Mirror hacking trial: Newspaper group could face criminal prosecution over phone hacking

Mirror Group Newspapers were described in court by their counsel at the civil trial involving eight claimants, as 'co-operating' and offering support in an 'on-going police inquiry'

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The Independent Online

Trinity Mirror is being investigated by Scotland Yard over its potential corporate involvement in phone hacking with three of its national titles “vulnerable to criminal prosecution”, the High Court has heard.

Mirror Group Newspapers (MGN) is a division of the UK publishing company responsible for the Daily and Sunday Mirror and The People. They were described in court by their counsel, Matthew Nicklin QC, at the civil trial involving eight claimants, as “co-operating” and offering support in an “on-going police inquiry”.

The judge, Mr Justice Mann, in a brief exchange with MGN’s lawyer, described Mr Nicklin’s client as “newspaper companies” who were currently “vulnerable to criminal prosecution.”

This is the first public reference to the newspaper group facing possible criminal liability charges resulting from the investigation by the Metropolitan Police’s Operation Golding.

 

Files examining alleged illegality inside the Mirror titles have already been passed to the Crown Prosecution Service. A decision on which, if any, charges will be brought by the prosecuting authority is expected next month once further files are handed over.

During pre-trial hearings, counsel for the Met described the decision on charges as “imminent”.

The involvement of senior MGN journalists in phone hacking has been extensively referenced by witnesses in the civil trial. Hacking is alleged to have taken place on an “industrial scale” which, according to some witnesses, went “right to the top” of the organisation.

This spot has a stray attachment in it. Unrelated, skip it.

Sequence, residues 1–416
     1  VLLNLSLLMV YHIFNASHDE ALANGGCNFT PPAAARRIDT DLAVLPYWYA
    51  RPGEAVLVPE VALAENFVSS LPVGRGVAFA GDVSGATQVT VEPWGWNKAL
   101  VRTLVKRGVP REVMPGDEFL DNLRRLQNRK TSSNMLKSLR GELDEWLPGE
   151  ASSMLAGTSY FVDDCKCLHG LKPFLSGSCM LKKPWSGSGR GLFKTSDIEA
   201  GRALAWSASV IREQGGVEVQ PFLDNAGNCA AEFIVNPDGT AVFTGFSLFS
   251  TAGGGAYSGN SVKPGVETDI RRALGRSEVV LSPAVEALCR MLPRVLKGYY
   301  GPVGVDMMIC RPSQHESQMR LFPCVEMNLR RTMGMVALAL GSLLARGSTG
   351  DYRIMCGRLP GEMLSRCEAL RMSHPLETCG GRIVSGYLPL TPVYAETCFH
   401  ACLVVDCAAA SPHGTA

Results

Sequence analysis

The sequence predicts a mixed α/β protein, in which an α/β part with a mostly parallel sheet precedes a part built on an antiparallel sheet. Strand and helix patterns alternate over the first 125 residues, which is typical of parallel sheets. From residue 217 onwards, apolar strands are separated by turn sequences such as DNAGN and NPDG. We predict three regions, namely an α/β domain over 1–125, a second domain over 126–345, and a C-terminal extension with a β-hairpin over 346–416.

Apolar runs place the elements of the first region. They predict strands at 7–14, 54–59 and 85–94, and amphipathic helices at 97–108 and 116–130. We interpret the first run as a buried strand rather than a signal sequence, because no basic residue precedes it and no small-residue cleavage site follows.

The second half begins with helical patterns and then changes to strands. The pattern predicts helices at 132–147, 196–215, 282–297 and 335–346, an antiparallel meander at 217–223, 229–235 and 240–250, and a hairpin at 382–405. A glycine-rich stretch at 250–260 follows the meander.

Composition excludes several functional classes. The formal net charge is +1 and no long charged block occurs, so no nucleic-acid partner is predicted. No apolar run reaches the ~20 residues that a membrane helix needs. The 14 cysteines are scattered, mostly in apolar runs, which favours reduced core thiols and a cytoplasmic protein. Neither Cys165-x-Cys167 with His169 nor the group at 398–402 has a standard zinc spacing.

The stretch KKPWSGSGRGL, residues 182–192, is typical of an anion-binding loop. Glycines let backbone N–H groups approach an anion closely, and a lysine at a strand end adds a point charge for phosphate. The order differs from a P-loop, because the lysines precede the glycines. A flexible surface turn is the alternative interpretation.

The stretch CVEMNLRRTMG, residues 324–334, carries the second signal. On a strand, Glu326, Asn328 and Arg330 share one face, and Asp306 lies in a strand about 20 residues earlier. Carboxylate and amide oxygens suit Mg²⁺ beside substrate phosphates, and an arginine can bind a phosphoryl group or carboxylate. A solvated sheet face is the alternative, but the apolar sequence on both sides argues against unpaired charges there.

However, the focus of Operation Golding – an offshoot of Operation Weeting, which investigated hacking at News International – on the Mirror company itself, rather than just its senior journalists, is a significant development.

The widening of the Met’s corporate probe to include the three MGN titles suggests a potential appetite to test England’s notoriously complex laws on corporate criminality, where successful prosecutions are rare.

The current executive management at MGN were not in charge of the publisher when phone hacking is reported to have been “rife”.

After years of denial that phone hacking was a problem inside their titles, MGN last September announced that hacking had occurred and that cases against it had been settled out of court. The company also issued a public apology stating that the illegality “should never have happened.”

The trial continues.

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